- Natural areas
- Contact information
- For information on State Natural Areas, contact:
- Thomas Meyer
Natural areas conservation biologist
Wisconsin State Natural Areas Program Twin Lakes Bog (No. 297)
Within Chequamegon-Nicolet National Forest, Taylor County. T32N-R1W, Section 1 S½SE¼. 38 acres.
Twin Lakes Bog features an undisturbed conifer swamp occupying a depression between two kettle lakes in an area of morainal topography. The swamp is dominated by tamarack with black spruce, red maple, and yellow birch. The understory has an open aspect with characteristic bog shrubs and herbs scattered on a mat of Sphagnum moss. Dominant shrubs are Labrador tea, bog laurel, and leather-leaf with mountain holly, and winterberry. The sphagnum mat contains several sedge species including two-seeded bog sedge and American woolly-fruit sedge with twinflower, cinnamon fern, bunchberry, and buckbean. Insectivorous plants are well represented with bladderwort, sundews, and pitcher plants. The understory is also notable for large number of moccasin flowers. Three small bog lakes, surrounded by quaking bogs, compliment the site. Also present is a small stand of second-growth northern hardwoods dominated by sugar maple and red oak, which surrounds the uplands to the west. Leopard and wood frogs are common. Birds include blue-headed vireo, hermit thrush, black-and-white warbler, and white-throated sparrow. Twin Lakes Bog is owned by the U.S. Forest Service and was designated a State Natural Area in 1996. This site is also recognized by the Forest Service as an established Research Natural Area.
From the intersection of State Highways 64 and 13 in Medford, go north on Highway 13 9.8 miles, then west on Cemetery Avenue 0.5 mile, then north on 4th Street 0.5 mile, then west on FR 102 (Quarter Lane) 2.9 miles, then north on FR 101 0.5 mile, then west again on FR 102 (Mondeaux Avenue) 4.2 miles, then south on FR 566 (Twin Lakes Road) 0.75 mile, then southeast on FR 1504 0.25 mile to the western boundary of the site.
Twin Lakes Bog is owned by:
- US Forest Service
The DNR's state natural areas program is comprised of lands owned by the state, private conservation organizations, municipalities, other governmental agencies, educational institutions and private individuals. While the majority of SNAs are open to the public, access may vary according to individual ownership policies. Public use restrictions may apply due to public safety, or to protect endangered or threatened species or unique natural features. Lands may be temporarily closed due to specific management activities. Users are encouraged to contact the landowner for more specific details.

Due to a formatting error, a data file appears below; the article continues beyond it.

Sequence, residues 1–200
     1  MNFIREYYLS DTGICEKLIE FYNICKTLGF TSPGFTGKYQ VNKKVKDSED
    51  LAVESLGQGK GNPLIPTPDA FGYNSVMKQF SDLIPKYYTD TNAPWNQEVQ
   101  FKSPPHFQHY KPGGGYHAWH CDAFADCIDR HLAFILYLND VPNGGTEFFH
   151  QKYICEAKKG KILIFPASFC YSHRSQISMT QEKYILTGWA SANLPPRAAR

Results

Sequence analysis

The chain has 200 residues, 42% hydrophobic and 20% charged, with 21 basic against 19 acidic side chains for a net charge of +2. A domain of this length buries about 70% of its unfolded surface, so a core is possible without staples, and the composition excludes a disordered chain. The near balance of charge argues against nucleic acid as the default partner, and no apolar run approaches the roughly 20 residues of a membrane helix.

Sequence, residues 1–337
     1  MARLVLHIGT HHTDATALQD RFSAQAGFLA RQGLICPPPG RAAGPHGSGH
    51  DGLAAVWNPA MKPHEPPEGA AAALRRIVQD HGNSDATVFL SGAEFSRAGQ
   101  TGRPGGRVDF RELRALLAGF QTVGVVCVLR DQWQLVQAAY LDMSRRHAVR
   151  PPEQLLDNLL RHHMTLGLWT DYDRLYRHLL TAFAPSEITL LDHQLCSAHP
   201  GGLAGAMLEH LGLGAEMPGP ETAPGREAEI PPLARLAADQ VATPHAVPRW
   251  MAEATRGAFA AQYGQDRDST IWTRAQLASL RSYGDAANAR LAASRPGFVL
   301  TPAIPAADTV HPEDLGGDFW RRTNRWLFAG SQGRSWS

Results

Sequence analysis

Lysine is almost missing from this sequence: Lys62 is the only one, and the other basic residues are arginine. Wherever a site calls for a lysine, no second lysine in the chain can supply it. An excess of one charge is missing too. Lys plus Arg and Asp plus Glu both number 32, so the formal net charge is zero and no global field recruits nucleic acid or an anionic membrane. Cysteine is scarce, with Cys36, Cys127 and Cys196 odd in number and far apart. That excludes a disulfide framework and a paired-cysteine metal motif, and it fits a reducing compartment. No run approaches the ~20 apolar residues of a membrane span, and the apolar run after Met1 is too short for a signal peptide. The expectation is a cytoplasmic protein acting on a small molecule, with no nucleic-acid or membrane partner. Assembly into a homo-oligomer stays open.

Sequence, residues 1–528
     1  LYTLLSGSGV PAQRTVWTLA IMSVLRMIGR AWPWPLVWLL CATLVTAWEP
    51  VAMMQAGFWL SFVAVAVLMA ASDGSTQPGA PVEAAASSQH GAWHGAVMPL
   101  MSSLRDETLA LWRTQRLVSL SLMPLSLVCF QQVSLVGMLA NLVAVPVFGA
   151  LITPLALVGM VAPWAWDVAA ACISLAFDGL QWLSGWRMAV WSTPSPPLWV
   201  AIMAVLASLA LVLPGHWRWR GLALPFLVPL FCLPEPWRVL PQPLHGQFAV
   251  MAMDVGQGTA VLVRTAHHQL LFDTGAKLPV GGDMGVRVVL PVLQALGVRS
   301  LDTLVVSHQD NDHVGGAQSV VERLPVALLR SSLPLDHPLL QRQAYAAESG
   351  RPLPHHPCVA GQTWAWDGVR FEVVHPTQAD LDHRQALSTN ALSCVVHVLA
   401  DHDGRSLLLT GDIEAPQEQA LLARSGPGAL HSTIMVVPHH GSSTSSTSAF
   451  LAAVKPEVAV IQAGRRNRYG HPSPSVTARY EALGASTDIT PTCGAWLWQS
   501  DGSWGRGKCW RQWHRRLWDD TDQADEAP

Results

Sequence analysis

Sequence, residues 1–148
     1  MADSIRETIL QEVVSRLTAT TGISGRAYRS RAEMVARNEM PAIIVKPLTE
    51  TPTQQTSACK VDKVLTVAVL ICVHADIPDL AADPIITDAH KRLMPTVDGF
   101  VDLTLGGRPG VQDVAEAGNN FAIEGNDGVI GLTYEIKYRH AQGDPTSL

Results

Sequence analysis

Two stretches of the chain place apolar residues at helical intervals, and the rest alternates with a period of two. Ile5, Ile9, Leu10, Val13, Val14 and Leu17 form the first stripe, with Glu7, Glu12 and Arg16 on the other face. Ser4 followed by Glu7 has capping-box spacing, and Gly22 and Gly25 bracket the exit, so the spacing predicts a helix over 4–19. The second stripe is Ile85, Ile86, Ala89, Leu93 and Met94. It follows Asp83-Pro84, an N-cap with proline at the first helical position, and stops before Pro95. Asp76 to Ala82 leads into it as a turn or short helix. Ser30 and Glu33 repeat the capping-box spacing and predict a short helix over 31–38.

The data shown on these maps have been obtained from various sources, and are of varying age, reliability, and resolution. The data may contain errors or omissions and should not be interpreted as a legal representation of legal ownership boundaries.
Very few State Natural Areas have public facilities, but nearly all are open for a variety of recreational activities as indicated below. Generally, there are no picnic areas, restrooms, or other developments. Parking lots or designated parking areas are noted on individual SNA pages and maps. Trails, if present, are typically undesignated footpaths. If a developed trail is present, it will normally be noted on the SNA map and/or under the "Access" tab. A compass and topographic map or a GPS unit are useful tools for exploring larger, isolated SNAs.
Hunting and trapping
This is a non-DNR owned SNA: Opportunities for hunting and trapping depend on the land owner. Please contact them directly to find out about their rules for hunting and trapping. You can find a link to other owner websites under the "Resource links" heading above. More details regarding allowable uses of this non-DNR owned SNA may be posted, if available, under the "Access" tab above.
- Horseback riding
- Rock climbing
- Vehicles, including bicycles, ATVs, aircraft, and snowmobiles except on trails and roadways designated for their use
- Collecting of animals, non-edible fungi, rocks, minerals, fossils, archaeological artifacts, soil, downed wood, or any other natural material, alive or dead. Collecting for scientific research requires a permit issued by the DNR
- Collecting of plants including seeds, roots or other non-edible parts of herbaceous plants such as wildflowers or grasses
- Camping and campfires
For rules governing state-owned SNAs and other state lands, please consult Chapter NR 45 Wis. Admin. Code [exit DNR]